Self-directed learning gives way to individualized instruction, student empowerment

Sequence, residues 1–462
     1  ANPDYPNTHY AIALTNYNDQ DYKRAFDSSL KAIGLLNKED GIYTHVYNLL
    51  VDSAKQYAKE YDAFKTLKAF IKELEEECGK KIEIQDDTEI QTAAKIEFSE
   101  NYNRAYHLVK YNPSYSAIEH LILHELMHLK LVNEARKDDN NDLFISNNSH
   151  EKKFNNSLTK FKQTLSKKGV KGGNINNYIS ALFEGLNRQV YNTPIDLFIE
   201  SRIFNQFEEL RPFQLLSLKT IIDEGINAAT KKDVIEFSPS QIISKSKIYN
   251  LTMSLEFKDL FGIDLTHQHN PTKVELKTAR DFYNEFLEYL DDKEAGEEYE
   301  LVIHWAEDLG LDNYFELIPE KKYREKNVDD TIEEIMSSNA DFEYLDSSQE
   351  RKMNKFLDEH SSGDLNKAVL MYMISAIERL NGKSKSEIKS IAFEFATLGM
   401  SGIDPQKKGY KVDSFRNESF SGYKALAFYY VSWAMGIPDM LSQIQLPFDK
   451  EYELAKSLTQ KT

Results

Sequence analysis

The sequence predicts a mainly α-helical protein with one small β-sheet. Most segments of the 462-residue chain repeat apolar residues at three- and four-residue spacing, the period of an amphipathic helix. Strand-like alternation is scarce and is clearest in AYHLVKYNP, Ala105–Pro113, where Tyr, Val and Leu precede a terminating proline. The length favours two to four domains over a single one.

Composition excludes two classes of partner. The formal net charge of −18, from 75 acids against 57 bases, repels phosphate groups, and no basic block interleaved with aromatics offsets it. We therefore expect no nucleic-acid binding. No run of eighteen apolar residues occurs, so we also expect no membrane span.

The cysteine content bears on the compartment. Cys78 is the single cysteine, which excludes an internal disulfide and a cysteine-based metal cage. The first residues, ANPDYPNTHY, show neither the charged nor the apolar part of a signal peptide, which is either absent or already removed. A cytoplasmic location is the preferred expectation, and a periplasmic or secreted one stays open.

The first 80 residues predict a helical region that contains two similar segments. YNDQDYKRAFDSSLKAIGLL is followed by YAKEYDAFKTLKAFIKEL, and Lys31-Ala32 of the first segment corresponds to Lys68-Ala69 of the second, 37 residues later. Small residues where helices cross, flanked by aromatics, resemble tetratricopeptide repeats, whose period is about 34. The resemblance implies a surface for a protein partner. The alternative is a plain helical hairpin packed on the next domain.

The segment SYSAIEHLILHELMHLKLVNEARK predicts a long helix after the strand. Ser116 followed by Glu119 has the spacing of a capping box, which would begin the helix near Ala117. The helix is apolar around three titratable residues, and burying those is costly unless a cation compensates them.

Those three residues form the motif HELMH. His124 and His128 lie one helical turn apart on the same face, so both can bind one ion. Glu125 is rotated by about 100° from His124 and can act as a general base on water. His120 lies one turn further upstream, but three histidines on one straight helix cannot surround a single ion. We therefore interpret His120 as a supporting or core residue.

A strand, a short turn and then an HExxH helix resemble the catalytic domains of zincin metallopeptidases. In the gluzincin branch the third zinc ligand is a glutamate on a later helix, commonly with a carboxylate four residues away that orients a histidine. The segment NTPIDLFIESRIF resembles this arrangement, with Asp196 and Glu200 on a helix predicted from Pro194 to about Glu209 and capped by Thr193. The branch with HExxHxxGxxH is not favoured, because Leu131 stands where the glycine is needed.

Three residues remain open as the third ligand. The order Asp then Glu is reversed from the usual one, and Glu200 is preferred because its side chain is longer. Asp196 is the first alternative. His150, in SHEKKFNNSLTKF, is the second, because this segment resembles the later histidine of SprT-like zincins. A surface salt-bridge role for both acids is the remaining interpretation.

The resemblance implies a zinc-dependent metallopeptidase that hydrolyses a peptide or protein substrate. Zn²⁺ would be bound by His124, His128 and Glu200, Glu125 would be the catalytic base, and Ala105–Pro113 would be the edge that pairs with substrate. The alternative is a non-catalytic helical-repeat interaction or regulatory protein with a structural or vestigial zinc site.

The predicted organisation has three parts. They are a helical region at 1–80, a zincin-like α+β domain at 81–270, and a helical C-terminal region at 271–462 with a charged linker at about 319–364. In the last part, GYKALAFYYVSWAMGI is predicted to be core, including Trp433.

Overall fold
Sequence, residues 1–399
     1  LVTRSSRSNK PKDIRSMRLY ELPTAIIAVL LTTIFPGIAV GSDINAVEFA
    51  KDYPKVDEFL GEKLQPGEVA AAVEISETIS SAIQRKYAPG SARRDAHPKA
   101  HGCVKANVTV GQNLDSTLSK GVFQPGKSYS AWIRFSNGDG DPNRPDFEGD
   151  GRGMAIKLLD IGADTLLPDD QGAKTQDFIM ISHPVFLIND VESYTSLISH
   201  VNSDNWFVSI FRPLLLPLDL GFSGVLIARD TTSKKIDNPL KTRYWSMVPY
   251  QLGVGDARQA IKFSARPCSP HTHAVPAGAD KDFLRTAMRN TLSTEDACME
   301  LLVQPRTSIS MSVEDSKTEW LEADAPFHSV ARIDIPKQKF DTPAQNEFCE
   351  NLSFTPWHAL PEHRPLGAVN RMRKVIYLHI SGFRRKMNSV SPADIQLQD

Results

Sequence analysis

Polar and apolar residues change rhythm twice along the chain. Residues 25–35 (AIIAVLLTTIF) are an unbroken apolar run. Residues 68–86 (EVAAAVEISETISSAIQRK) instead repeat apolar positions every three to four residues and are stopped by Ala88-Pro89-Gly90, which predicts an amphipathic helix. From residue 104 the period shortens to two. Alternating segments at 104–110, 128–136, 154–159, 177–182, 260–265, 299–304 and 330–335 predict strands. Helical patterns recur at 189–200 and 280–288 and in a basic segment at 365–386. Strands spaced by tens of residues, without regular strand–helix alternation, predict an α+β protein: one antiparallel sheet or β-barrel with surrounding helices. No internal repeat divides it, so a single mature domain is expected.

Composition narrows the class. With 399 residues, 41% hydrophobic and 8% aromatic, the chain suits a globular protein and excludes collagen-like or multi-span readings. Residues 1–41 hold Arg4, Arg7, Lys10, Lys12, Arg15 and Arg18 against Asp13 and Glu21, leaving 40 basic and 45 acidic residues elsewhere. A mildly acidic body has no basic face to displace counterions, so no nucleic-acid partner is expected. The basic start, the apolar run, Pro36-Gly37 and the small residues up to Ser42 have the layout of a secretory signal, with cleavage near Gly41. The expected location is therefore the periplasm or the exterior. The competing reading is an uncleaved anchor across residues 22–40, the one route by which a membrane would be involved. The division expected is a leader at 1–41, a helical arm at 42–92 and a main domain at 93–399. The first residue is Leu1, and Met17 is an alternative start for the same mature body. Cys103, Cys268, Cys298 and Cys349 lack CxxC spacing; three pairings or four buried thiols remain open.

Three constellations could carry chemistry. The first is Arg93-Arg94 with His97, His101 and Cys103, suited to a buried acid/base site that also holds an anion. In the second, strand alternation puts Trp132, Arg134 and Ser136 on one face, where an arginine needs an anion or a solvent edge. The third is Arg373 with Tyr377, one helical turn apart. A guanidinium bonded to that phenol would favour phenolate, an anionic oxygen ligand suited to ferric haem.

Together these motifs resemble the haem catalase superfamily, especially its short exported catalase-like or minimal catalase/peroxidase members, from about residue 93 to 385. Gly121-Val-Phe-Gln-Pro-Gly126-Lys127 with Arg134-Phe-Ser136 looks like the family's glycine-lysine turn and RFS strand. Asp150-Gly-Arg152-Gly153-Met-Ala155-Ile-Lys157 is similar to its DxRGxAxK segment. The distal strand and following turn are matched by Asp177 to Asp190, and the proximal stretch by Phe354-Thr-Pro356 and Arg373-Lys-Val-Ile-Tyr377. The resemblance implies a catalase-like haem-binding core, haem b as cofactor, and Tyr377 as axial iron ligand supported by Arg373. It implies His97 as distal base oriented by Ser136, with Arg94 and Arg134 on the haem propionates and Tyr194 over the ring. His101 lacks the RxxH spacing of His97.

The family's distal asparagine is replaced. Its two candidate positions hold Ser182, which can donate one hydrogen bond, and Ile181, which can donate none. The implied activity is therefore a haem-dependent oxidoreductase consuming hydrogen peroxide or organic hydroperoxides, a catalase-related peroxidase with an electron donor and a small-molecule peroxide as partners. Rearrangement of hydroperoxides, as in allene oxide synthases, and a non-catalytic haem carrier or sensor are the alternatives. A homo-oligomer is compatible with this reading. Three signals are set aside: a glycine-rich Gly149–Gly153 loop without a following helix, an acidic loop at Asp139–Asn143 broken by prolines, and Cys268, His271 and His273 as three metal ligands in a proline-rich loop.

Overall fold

Using a blend of online classes with traditional instruction, all-boys charter school Vertus High School located in New York’s Rochester City School District — allows students to go at their own pace and lets them fill in the gaps, according to The Hechinger Report. Students can spend more time in areas where they are struggling, but are not held back in the areas that come easy to them.Many students enter Vertus at or below grade level, especially in reading and math, but the system seems to be helping: 71% of its students pass the Regents exams, which are required by the state of New York to graduate. In contrast, Rochester City School District’s average passing rate is 38%.Students are given “lab time” for individualized pace learning, which gives them more control over their own learning schedule — in addition to teaching them time management and organization — while still being required to meet certain benchmarks to graduate. At Vertus, students must work on every subject at least once a week, and their progress is checked by mentors. Self-directed learning is a trend that's becoming increasingly common in schools. Educators are moving from lecturing in the front of a classroom to taking more supportive roles that allow students to take some of their learning into their own hands. But this new model also poses some questions: How much direction do students really need? When should a teacher teach, and when should they step back and just support? And how does a teacher differentiate between students’ various learning styles? Empowering young learners can certainly stand to benefit them for their futures, but in making this model successful, teachers must walk a thin line.

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